There is a new Cold War starting. It does not involve opposing military forces, but it does involve competing ideas about how political life should be organized. The battles are between broadcast media outlets and social-media upstarts, which have very different approaches to news production, ownership and censorship. And some of the biggest battles are in Russia, where the ruling elites that dominate broadcast media are pitted against the civil society groups that flourish through social media.
The Great Debate
from Paul Smalera:
Twitter’s announcement this week that it was going to enable country-specific censorship of posts is arousing fury around the Internet. Commentators, activists, protesters and netizens have said it’s “very bad news” and claim to be “#outraged”. Bianca Jagger, for one, asked how to go about boycotting Twitter, on Twitter, according to the New York Times. (Step one might be... well, never mind.) The critics have settled on #TwitterBlackout: all day on Saturday the 28th, they promised to not tweet, as a show of protest and solidarity with those who might be censored.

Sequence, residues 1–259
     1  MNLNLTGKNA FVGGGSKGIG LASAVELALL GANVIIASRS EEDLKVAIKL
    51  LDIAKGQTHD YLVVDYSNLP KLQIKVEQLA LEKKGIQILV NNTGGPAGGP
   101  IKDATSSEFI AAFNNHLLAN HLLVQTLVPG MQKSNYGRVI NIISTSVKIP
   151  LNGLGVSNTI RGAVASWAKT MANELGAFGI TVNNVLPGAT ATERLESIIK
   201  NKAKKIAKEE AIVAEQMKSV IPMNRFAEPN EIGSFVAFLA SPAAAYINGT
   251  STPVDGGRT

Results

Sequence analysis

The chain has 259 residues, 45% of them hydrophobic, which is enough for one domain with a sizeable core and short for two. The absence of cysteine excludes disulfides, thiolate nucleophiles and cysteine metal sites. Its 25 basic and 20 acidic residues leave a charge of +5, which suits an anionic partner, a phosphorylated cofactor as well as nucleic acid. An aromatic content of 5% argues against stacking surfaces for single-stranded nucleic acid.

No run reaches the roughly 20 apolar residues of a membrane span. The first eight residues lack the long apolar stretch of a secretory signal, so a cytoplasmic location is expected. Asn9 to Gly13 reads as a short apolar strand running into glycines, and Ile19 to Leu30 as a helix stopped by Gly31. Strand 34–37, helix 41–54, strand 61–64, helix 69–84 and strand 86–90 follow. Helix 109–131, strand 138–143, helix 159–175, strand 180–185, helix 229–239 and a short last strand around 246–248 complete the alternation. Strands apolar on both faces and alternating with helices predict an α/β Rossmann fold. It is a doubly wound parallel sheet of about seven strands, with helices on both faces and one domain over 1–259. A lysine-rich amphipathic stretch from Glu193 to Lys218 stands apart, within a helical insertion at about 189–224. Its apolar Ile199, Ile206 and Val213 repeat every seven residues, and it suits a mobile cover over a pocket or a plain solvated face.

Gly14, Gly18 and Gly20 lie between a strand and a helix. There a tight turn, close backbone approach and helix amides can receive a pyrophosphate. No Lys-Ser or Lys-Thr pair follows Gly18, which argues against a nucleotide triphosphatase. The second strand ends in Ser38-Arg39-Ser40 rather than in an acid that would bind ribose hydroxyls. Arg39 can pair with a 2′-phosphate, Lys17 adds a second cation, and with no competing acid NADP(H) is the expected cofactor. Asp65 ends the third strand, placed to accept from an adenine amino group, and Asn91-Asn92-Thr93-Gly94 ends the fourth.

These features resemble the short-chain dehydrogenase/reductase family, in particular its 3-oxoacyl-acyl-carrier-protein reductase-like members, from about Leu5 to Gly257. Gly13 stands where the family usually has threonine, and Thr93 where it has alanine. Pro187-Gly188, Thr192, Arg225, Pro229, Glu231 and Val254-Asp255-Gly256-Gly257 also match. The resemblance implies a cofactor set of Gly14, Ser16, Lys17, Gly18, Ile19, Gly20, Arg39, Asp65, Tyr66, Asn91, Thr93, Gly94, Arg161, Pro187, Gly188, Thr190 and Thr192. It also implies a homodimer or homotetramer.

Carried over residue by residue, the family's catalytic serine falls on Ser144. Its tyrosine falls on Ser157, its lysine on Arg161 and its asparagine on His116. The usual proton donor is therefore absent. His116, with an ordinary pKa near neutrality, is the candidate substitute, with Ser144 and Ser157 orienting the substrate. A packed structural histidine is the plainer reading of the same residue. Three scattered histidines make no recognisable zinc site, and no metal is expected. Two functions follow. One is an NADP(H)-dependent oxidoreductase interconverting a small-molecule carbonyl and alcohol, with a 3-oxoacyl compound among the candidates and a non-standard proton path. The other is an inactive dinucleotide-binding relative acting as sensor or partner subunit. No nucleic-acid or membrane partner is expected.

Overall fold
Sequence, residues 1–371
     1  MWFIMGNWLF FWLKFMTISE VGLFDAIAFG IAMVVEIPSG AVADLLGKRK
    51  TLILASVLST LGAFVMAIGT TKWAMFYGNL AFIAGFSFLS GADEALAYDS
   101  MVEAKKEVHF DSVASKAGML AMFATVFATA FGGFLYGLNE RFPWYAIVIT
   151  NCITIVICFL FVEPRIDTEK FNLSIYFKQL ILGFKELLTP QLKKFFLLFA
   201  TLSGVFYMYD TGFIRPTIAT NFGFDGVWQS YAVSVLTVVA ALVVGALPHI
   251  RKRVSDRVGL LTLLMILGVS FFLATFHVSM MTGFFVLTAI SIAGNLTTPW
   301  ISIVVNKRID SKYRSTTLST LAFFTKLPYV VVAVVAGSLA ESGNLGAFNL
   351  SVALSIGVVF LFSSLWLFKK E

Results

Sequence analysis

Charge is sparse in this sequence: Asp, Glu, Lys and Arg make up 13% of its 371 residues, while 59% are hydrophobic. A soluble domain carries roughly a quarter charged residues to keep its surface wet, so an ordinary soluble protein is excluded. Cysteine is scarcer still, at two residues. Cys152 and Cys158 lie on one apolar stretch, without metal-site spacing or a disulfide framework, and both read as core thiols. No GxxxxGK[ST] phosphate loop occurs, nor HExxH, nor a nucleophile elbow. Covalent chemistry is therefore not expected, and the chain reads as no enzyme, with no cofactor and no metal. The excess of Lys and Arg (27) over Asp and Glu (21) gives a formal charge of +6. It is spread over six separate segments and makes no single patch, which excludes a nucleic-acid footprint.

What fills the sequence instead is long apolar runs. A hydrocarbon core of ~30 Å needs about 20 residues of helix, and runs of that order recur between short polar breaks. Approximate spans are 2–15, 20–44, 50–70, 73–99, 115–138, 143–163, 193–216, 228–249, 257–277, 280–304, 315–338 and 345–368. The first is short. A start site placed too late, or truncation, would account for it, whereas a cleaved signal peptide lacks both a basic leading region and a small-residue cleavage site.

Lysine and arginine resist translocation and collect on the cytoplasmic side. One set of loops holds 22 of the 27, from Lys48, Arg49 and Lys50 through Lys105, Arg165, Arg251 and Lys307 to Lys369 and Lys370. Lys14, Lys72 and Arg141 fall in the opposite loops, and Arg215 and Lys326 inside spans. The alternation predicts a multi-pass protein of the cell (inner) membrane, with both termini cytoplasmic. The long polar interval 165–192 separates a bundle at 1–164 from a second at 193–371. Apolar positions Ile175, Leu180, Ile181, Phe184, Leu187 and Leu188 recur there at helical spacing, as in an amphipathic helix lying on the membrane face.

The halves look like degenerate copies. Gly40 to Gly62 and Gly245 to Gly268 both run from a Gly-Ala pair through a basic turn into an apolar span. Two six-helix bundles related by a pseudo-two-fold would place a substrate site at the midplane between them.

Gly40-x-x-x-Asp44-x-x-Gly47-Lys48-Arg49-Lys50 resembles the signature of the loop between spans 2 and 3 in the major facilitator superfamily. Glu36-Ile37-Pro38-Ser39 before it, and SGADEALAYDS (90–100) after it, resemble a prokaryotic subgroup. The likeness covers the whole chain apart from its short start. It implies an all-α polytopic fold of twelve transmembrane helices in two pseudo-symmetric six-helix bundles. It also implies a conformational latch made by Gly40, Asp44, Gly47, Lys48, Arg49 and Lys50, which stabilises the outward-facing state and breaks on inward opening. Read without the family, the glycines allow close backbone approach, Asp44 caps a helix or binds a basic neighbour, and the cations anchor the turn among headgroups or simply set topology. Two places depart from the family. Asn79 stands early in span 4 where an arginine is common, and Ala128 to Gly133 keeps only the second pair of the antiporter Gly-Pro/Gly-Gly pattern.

By Peter Christian Hall
The opinions expressed are his own.
Amid the furor over the U.S. government’s move to restrict publication of vital research into H5N1 avian flu, no one seems to be challenging a key assumption—that H5N1 could make a useful weapon. It wouldn’t.
Now that Congress has hit pause on its controversial Stop Online Piracy Act and nearly every argument about the merits and failings of the piece of copyright legislation has been made, it’s a good time to ask: what, in 2012, will it take to actually stop a bill like this?